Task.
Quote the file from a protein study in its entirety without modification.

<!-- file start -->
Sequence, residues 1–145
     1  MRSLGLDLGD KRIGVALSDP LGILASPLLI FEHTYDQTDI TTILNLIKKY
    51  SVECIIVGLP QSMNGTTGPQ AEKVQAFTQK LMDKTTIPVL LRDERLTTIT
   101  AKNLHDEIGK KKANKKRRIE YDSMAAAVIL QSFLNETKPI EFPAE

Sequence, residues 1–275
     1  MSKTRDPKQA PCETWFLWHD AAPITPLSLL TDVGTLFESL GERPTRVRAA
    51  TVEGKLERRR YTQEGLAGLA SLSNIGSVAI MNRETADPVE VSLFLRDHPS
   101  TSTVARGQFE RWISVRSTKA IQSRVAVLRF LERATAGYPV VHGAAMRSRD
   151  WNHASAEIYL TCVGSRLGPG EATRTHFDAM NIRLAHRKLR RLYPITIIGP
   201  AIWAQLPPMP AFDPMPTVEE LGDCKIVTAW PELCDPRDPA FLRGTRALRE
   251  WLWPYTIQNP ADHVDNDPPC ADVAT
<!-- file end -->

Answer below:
Sequence, residues 1–145
     1  MRSLGLDLGD KRIGVALSDP LGILASPLLI FEHTYDQTDI TTILNLIKKY
    51  SVECIIVGLP QSMNGTTGPQ AEKVQAFTQK LMDKTTIPVL LRDERLTTIT
   101  AKNLHDEIGK KKANKKRRIE YDSMAAAVIL QSFLNETKPI EFPAE

Sequence, residues 1–275
     1  MSKTRDPKQA PCETWFLWHD AAPITPLSLL TDVGTLFESL GERPTRVRAA
    51  TVEGKLERRR YTQEGLAGLA SLSNIGSVAI MNRETADPVE VSLFLRDHPS
   101  TSTVARGQFE RWISVRSTKA IQSRVAVLRF LERATAGYPV VHGAAMRSRD
   151  WNHASAEIYL TCVGSRLGPG EATRTHFDAM NIRLAHRKLR RLYPITIIGP
   201  AIWAQLPPMP AFDPMPTVEE LGDCKIVTAW PELCDPRDPA FLRGTRALRE
   251  WLWPYTIQNP ADHVDNDPPC ADVAT